Starring: Michael Caine, Emily Mortimer, Iain Glen, Liam Cunningham, Ben Drew, David Bradley
Director: Daniel Barber
Writer: Gary Young
Cinematography: Martin Ruhe
Original Score: Ruth Barrett, Martin Phipps
Running Time: 103 Mins.
The Punisher, Death Sentence, The Last House on the Left (2009), The Brave One, and the upcoming Law Abiding Citizen, all films of varying quality but with one thing in common, they are quintessentially films that would fall under the banner of vigilante, it would be quite easy to pool Harry Brown with these, after all it concerns one man’s revenge mission against those that brutally murdered his best friend, but two things raise Harry Brown’s game above all the aforementioned, firstly (and most obviously) Michael Caine and secondly the lensing of first time director Daniel Barber.
Opening with a startling phone-shot segment showing the initiation of a young teen into a gang of “hoodies”, it culminates in one of the most shocking scenes you will likely see all year, marked out by its likeness to many of the gun crime events we all too often hear about on the news, but never really get a true sense of in terms of the cruel callousness of them. This sets Harry Brown’s stall early, it is not a film for the faint of heart or those adverse to the brutalities of “real life”, forget the unconvincing violence of Saw and its brethren, this is how it is for many living in these conditions.
The stamp of a quality Caine performance usually pervades through even the worst kind of tosh, given he chooses to quite openly star in anything that lands on his desk in order to pay the bills, but when he gets a script this meaty (which along with Is Anybody There? has provided him with an excellent year) there is a every chance that Oscar glory should, and could, beckon. Starting as a broken widower he makes the transition to what is effectively an avenging angel, when the largely useless police fail to act and help his old friend Len (David Bradley).
Spending time spying on the gang of drug dealers, pimps and thugs provides Brown with the opportunity to take them down one by one, if it all sounds rather Death Wish like, it isn’t, Brown is much more human than any of the vigilante’s we have seen on-screen lately (he IS a pensioner after all!) and there is a sense of regret in the action he is having to take. Action’s which culminate a little to close to home. The build up of tension is often unbearable, helped along by a great score from Barrett and Phipps, with a scene in a crack den being the pinnacle of this, as Brown lets his ex-SAS soldier side out of the closet, so to speak.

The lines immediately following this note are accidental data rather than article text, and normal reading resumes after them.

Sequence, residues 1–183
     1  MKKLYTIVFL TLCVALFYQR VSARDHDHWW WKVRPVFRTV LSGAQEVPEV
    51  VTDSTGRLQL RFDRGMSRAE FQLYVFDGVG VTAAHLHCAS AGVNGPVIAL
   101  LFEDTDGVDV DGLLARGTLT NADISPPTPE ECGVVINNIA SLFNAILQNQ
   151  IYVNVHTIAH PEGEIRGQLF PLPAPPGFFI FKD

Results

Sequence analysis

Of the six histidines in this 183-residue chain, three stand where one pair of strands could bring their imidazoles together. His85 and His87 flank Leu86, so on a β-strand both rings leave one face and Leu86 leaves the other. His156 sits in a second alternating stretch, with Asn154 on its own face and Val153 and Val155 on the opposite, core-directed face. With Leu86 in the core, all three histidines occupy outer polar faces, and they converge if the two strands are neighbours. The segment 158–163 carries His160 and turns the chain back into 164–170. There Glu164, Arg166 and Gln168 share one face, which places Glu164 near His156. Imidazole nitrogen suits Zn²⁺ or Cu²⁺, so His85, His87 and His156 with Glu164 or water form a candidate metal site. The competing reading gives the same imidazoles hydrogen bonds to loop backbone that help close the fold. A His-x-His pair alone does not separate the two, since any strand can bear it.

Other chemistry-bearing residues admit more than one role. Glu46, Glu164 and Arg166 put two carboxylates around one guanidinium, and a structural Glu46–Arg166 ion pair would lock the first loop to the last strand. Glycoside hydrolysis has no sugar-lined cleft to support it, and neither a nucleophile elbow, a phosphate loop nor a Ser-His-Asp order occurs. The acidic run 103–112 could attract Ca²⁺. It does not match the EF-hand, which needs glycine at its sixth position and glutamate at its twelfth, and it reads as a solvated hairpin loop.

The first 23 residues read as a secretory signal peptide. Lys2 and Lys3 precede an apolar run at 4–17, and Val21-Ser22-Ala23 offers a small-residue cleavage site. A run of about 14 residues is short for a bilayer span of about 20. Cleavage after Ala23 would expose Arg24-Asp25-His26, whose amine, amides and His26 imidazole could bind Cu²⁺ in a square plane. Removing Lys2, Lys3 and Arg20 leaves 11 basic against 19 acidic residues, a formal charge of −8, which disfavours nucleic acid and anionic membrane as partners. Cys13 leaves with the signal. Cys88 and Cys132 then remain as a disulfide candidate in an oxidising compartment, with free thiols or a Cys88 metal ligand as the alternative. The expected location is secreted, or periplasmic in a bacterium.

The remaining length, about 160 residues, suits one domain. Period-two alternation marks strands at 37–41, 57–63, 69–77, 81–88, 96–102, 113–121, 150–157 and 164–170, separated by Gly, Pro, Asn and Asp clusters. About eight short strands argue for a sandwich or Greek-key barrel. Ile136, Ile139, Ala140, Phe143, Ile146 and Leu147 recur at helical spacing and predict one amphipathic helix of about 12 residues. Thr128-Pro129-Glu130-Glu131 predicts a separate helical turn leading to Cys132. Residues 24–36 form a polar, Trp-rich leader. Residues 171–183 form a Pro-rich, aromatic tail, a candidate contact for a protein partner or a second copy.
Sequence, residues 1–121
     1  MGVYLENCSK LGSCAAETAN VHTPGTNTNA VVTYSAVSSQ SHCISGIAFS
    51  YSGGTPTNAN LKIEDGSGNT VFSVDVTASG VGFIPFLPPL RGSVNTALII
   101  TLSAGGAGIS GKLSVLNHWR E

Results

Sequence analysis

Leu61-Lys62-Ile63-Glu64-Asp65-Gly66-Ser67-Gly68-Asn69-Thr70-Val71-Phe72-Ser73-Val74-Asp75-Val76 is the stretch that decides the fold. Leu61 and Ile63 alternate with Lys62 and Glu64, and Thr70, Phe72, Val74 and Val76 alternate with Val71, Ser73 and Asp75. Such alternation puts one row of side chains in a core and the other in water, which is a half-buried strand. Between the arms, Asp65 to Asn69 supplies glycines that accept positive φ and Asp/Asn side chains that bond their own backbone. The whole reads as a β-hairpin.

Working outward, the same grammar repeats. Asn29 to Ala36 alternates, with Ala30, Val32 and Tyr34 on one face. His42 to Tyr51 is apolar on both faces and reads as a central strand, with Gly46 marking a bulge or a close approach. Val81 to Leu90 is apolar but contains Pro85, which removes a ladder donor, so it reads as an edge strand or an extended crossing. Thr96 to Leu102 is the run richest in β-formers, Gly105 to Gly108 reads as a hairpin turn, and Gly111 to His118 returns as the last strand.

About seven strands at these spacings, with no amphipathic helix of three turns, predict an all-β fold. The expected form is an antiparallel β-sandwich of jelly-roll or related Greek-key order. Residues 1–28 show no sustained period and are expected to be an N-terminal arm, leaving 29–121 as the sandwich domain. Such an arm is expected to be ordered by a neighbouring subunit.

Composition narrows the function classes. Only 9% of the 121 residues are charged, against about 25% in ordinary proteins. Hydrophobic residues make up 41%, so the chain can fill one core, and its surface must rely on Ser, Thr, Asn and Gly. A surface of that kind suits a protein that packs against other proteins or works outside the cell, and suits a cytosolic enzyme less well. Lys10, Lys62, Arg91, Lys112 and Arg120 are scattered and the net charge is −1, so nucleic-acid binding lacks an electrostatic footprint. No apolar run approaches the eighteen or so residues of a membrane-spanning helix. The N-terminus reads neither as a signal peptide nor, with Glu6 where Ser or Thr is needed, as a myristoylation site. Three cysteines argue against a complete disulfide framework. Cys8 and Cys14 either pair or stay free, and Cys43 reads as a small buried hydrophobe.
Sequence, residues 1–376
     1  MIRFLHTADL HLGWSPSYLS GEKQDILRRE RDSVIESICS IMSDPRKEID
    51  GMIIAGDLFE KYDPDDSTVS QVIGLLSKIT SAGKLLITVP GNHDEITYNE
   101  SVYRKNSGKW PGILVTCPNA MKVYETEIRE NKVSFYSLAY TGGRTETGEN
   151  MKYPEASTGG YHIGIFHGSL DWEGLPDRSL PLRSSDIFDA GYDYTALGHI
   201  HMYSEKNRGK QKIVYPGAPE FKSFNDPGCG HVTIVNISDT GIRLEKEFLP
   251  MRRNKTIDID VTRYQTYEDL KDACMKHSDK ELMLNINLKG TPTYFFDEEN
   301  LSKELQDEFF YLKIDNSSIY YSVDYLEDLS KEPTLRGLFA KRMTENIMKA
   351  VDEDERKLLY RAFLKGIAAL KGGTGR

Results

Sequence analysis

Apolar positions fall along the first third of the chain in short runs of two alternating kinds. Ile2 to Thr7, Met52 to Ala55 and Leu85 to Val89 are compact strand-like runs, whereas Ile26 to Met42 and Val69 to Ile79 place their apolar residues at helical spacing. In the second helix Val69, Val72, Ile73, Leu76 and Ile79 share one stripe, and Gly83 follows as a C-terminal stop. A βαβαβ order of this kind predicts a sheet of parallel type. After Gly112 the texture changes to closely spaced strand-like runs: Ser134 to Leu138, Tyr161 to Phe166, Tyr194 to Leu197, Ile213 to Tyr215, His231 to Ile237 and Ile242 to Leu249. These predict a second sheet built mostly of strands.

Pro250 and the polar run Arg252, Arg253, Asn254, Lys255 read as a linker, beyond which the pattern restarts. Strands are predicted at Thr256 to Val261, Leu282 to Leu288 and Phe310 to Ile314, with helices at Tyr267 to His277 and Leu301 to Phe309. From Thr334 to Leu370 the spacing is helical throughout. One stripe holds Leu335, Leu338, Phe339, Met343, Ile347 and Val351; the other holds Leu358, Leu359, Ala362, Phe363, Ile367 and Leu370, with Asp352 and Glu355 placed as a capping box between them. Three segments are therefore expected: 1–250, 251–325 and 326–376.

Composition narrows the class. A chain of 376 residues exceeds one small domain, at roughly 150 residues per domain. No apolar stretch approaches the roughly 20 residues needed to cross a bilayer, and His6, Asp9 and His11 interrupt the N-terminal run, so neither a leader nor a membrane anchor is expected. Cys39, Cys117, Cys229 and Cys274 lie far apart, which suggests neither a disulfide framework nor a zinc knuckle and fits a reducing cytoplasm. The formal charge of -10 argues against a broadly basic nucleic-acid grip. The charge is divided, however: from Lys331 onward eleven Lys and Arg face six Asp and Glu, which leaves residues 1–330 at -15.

Like this years Fish Tank the portrayal of the all too stereotypical council suburb is used to great effect, Barber is quoted as saying he sees Harry Brown as a modern western and on that could he has succeeded, melding the sensibilities of the western with a gritty all to uncomfortably real world that we live in now. With some stunning shots and the ability to keep a great pace I would expect if he continues at this level we have the next Shane Meadows in our grasp, high praise indeed for a first timer!
If there is a fault to be found it is in the lack of characterisation in the support, Emily Mortimer’s police Inspector is far too meek and withering to come across as real and Iain Glen as her superior is a cardboard cut-out ignorant police chief, while the various lowlife’s Caine visit’s his revenge on have no redeeming features what-so-ever, meaning the film’s final message, that these gangs are how they are for fun with no cause (unlike, say, the IRA), does hit but you can’t help feeling that it does dehumanize those who are clearly not quite that two-dimensional.
Harry Brown is a brutal and brutally realistic account of the gang-culture we are in the grip of, not easy watching for sure, but between Caine’s impeccable acting and the stunning direction of Barber this is a visceral treat not to be missed.